The Salt

Oyster Archaeology: Ancient Trash Holds Clues To Sustainable Harvesting


Torben Rick, an anthropologist at the Smithsonian's National Museum of Natural History and lead author of the research, examines a 1,500-year-old oyster shell in the museum's collection.
John Gibbons, Smithsonian Institution
Torben Rick, an anthropologist at the Smithsonian's National Museum of Natural History and lead author of the research, examines a 1,500-year-old oyster shell in the museum's collection.

Times are tough for Chesapeake oysters.

For one thing, they used to be bigger. "If you look at what people were saying back in the 1600s and 1700s about oysters, people had to cut them in half before they could even eat them," says Denise Breitburg, an ecologist with the Smithsonian Environmental Research Center.

What's more, these oyster behemoths were so plentiful that they formed tall towers stretching up to the water's surface. But today, after decades of overfishing, oyster populations in Maryland's waters have dropped to 1 percent of what they were around 1900.

To see how much the population has changed over the years, Breitburg and other biologists and archaeologists undertook the largest survey to date of any shellfishery, chronicling the Chesapeake Bay's oyster population from almost 800,000 years ago to the present day. The researchers were surprised to find thousands of years during which oyster populations stayed stable – the era of Native Americans. The stability suggests Native Americans figured out how to farm oysters sustainably, and their techniques could help support our oyster habit today, according to a study published earlier this summer in the Proceedings of the National Academy of Sciences.

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The archaeologists began by studying Native American trash pits, which speckle the Chesapeake Bay coast and are full of oyster shells.

By using radio carbon dating, researchers found the oldest trash pit surveyed to be 3,200 years old, and the most recent to date no later than 1900. Next they measured the height of each oyster as a proxy for past human pressure on oysters. (Humans tend to harvest bigger oysters first, so if the average oyster size is smaller, it likely means that oysters were being harvested too fast for many of them to reach a large size and produce a lot of baby oysters.)

The scientists rounded the survey out by examining oyster size from fossils hundreds of thousands of years old and by analyzing harvest numbers from the 20th and 21st centuries.

"The scale of the data set is massive. To my knowledge, it's unparalleled," says environmental archaeologist Victor Thompson of the University of Georgia, who was not involved in the study.

The team found oysters were bigger hundreds of thousands of years ago than during the time of humans, but no decrease in oyster size happened during the time of prehistoric Native Americans, from roughly 3,200 to 400 years ago. This suggests the oyster population wasn't under increasing pressure as Native Americans harvested them.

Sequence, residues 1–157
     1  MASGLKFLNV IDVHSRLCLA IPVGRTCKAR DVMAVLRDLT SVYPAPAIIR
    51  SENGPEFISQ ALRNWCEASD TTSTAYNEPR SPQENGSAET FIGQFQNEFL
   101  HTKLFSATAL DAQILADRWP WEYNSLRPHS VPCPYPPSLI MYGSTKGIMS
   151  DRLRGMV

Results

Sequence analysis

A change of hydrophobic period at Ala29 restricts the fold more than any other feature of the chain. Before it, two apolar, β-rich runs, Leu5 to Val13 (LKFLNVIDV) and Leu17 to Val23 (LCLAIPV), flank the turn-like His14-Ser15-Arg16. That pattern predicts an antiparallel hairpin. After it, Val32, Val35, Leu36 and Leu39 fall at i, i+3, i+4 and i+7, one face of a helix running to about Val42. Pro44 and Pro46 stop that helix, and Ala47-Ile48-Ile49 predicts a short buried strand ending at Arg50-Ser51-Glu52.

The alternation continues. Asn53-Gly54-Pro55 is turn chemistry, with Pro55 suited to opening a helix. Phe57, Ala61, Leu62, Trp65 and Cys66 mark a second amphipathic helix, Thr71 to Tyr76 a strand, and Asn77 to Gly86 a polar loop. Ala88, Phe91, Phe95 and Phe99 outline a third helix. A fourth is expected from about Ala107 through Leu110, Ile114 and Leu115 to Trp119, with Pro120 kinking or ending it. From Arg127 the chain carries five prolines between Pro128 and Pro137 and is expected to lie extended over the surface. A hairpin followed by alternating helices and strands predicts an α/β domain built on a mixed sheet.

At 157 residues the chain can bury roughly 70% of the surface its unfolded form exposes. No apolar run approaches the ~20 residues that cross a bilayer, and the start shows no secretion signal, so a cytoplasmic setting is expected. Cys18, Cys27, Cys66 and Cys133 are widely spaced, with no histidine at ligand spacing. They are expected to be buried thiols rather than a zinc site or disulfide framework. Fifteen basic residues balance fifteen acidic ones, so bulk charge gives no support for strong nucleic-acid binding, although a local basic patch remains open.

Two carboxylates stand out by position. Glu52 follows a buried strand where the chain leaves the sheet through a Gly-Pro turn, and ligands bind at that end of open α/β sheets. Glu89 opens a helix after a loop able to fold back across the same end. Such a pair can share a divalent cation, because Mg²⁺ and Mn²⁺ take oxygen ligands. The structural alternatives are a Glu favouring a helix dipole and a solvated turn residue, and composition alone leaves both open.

A relatively low number of humans partially explains the limited pressure on oysters during this period, says lead author Torben Rick of the Smithsonian Institution. But he said Native Americans also seem to have relied on sustainable fishing techniques. Thanks to technological limitations, Native Americans generally fished close to shore, giving oysters in deep water a safe space to grow and reproduce. Native Americans also may have harvested oysters from different areas seasonally, and the rotation gave sites time to recover.

So what happened since the time of Native American harvesting?

Oyster specialist Stephanie Westby of the National Oceanic and Atmospheric Administration's Chesapeake office blames pollution, overfishing and dredging – a fishing practice that rips up the water's bottom and leaves mud, where oysters can't attach easily to make homes. Without oysters to filter tiny organisms in the water, the water quality suffers.

Native American practices, according to Rick, underscore the importance of sanctuaries today. Establishing refuges can be controversial, since fishers rely on oysters for their livelihood, but Rick says well-placed refuges could boost oyster populations for everyone, including fishers. "Ultimately, it's about rethinking our oyster strategy so we can have our cake and eat it too," says Rick. "We don't want to alienate anyone. This doesn't need to pit biologists against fishermen."

Some areas are already establishing refuges. In 2014, the Chesapeake Bay Watershed Agreement set the goal to restore oyster populations in 10 tributaries by 2025. Now there are sanctuaries in Virginia and Maryland especially for oysters, Westby says, and hatcheries are producing young oysters to be transplanted to wild oyster reefs.

There's also a new source of oysters that Native Americans didn't have – farming. Michael Hild owns Anderson's Neck Oyster Company, which is currently farming 6 million oysters. "Not only are you taking pressure off of the wild stock that remain in the Chesapeake Bay," says Hild, "but the farmed oysters that you place in the water are making water cleaner."

Rick says he hopes archaeology can help uncover more about the history of other fisheries, like blue crab. "The past isn't something we can recreate or return to," Rick admits, "but it just gives us much more information to work with."

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